Following are sketches of the 12 jurors deliberating the drug and perjury trial of Mayor Marion Barry:
Patricia V. Chaires, 40, a black program coordinator in postgraduate medical education at Howard University Hospital, is single and lives in Northwest Washington. Chaires, who holds a degree from Howard, told the court she had formed no opinion in the case prior to the trial. She said her grandmother was an alcoholic, and she feels alcoholism is a disease, but she has no opinion on drug use.
Joseph Deoudes, 24, a white courier for a messenger service and a political science major at American University, is single and lives with his mother in Northwest Washington. Two years ago he wrote a paper on news media coverage of Barry, he said in a letter to the judge. He told the court that if the court instructed him to, he could "absolutely" presume Barry's innocence.
Jury foreman Edward Eagles, 54, a white Northwest Washington resident, teaches history at St. Albans School, the exclusive Northwest boys school where Barry's son, Christopher, recently completed fourth grade. Eagles, a Princeton graduate who is single and lives with his mother, said he had some reservations about the propriety of police sting operations. "There's no doubt in my mind that you can carry these operations to an unacceptable extreme."
Johnnie Mae Hardeman, 61, a black former supervisor at Garfinckel's, lives with her husband in Northeast Washington. Hardeman, a native of Tuskegee, Ala., has a high school education and describes herself as a regular churchgoer. She told the court she generally supports law enforcement officials "because we need law and order in D.C. to be safe."
Marsena Hall, 22, a black typist with the D.C. schools, is single and lives in Southeast Washington. She told the court her cousin once was charged with drug possession and that she was opposed to the legalization of drugs. She said that lying under oath might be appropriate if it were a "life and death" situation for a person or his family. "I feel the mayor is innocent," she said in court, "but I do feel that if I had to, I could make a fair and impartial judgment."
Joyce Lavern Hines, 48, a black mother of two grown children, lives with her husband in Southeast Washington. Hines, who has a high school education, said on her questionnaire that she has reservations about stings and is opposed to the use of concealed recording devices -- although she realizes they are sometimes necessary. In court she said, "I think anything that's done undercover is wrong." Hines also said, "If the evidence showed me that anyone was guilty, I would take that evidence and use it to the best of my knowledge."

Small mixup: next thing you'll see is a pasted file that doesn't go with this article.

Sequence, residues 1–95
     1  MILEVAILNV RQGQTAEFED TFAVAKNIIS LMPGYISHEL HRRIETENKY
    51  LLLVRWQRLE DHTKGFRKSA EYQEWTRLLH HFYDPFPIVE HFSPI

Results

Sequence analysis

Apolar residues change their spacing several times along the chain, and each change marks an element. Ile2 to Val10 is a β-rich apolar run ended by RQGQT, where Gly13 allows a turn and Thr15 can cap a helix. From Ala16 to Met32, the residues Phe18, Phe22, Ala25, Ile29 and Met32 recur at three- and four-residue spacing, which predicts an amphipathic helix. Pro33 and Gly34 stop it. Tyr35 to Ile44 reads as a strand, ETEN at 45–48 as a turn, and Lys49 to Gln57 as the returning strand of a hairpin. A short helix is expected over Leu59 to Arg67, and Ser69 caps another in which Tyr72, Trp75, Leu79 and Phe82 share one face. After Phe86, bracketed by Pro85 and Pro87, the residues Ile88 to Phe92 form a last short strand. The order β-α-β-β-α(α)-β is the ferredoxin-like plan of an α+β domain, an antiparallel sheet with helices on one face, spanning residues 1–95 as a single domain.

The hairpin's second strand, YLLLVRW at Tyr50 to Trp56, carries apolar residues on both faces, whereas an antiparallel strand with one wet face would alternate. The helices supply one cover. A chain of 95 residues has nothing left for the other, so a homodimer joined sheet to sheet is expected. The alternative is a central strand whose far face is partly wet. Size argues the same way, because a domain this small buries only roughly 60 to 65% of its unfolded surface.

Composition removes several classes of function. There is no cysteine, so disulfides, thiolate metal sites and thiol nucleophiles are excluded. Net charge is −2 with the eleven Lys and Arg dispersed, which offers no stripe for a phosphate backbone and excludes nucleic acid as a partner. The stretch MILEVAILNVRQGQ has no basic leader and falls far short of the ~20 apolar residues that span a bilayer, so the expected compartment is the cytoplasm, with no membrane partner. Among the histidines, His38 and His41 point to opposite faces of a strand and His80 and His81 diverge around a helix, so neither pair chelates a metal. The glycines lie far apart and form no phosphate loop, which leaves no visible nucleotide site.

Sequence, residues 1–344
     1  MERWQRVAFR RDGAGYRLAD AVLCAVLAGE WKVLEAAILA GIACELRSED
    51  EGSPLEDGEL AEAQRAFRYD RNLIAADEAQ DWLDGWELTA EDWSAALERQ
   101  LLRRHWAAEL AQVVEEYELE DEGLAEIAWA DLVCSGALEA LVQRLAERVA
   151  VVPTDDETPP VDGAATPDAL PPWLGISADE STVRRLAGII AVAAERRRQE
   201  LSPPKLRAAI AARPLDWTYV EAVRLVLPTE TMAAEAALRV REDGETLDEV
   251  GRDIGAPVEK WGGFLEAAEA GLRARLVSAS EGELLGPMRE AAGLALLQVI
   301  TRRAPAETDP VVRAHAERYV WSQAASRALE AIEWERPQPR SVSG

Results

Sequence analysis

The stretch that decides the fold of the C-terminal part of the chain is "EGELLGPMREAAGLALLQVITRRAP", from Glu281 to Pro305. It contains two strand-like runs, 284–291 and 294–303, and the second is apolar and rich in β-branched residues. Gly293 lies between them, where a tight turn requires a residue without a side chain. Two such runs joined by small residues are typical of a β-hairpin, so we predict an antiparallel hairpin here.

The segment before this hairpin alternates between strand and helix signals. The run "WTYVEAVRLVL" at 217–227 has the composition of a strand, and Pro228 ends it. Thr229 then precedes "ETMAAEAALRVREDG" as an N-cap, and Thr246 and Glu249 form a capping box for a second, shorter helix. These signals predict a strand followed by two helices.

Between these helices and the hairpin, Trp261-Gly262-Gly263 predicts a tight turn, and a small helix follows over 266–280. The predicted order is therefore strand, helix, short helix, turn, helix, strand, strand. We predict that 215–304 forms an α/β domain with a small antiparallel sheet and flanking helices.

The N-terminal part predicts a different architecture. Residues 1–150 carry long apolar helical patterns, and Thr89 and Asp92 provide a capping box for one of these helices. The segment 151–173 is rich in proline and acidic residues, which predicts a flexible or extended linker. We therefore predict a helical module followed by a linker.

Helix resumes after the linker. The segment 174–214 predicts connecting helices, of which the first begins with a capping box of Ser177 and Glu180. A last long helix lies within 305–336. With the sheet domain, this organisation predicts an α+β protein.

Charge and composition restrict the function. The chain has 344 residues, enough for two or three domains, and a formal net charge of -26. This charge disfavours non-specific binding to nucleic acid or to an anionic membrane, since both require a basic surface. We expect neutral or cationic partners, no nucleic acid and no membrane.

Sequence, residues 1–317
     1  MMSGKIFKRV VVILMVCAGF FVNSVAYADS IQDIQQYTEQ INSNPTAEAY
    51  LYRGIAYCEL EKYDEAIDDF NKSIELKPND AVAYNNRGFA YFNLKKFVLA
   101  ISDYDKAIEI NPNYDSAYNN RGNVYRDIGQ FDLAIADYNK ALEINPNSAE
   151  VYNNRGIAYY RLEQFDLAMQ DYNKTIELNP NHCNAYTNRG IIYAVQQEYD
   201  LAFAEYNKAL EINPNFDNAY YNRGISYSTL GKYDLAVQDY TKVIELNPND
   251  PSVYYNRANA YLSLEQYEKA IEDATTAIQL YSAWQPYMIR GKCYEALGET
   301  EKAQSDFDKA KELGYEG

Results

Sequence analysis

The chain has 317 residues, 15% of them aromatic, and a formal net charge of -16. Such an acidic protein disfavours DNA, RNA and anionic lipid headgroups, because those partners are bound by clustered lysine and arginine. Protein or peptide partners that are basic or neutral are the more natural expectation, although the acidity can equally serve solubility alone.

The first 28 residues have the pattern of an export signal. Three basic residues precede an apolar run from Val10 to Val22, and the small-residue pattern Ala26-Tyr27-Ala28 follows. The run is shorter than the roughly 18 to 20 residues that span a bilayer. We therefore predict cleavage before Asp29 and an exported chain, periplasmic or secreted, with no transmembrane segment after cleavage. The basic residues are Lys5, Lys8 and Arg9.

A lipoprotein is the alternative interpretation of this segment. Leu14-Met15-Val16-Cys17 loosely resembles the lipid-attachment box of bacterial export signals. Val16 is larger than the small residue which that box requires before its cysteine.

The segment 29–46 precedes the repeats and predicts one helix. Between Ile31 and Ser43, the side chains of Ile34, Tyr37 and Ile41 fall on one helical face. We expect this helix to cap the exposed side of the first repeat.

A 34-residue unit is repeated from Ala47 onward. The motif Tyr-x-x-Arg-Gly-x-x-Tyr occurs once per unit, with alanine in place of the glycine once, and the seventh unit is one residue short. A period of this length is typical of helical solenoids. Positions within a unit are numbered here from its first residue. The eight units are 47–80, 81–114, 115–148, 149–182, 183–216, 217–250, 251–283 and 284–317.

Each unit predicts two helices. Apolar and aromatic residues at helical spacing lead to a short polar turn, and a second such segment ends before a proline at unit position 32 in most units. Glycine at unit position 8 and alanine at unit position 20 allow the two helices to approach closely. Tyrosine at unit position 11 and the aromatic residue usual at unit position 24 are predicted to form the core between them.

Harriedell Jones, 59, a black accountant for the U.S. Department of Housing and Urban Development. Jones, the mother of two grown children, lives with her husband in Northeast Washington. She said she has been the victim of prejudice and told the court that she believes race had something to do with the Barry prosecution. "I don't know how to explain that," she said, "it's just a feeling I have."
Deborah Noel, 34, a black clerk at Howard University Hospital, lives with her husband and their 5-year-old son in Northeast Washington. Asked in court whether Barry had been treated fairly, she said, "Right now I'm just uncertain." She said she favors undercover operations "because it helps the police and the FBI catch criminals." Questioned by Barry's lawyer, R. Kenneth Mundy, she said that "the news media say a lot of things . . . . I don't know whether he's guilty or not guilty."
Tonna Norman, 30, a black records manager with the Defense Mapping Agency, is married and lives with her husband in Northwest Washington. Norman, a graduate of the University of Maryland, told the court in discussing the sting, "I question whether the government would have taken the same steps against a less public figure." Norman told the court that she harbors ill feeling toward Hazel Diane "Rasheeda" Moore, the former model who lured Barry to her room at the Vista Hotel Jan. 18 in the FBI undercover sting.
Hilson Snow Jr., 49, a black United Parcel Service employee, lives with his wife in Southeast Washington. Snow, the father of three children who all attend college, said on his questionnaire that he had been a victim of racial prejudice in "various incidents of different treatment over the years." Asked in court whether Barry had been treated fairly, Snow said he would not know "until I see all the evidence."
Marilyn Thomas, 45, a black resident of Northeast Washington, is single and works for the U.S. Holocaust Memorial. She worked for the FBI from 1971 to 1974 and has attended two years of college. On her questionnaire, she said she thinks Barry should admit he has a drug abuse problem. Whether that makes him legally guilty of the crimes he was charged with is a different matter, she said, and demands legal proof.
Valerie Jackson-Warren, 40, a black secretary with the D.C. Department of Corrections, lives with her husband, a corrections officer, in Northwest Washington. Jackson-Warren, who attended college for two years, said on her questionnaire she has reservations about sting operations and wiretaps. In court she said, "I feel that it's a little sneaky. If that's what the law allows you to do, then I guess it's okay, but personally . . . I think it's an invasion of privacy."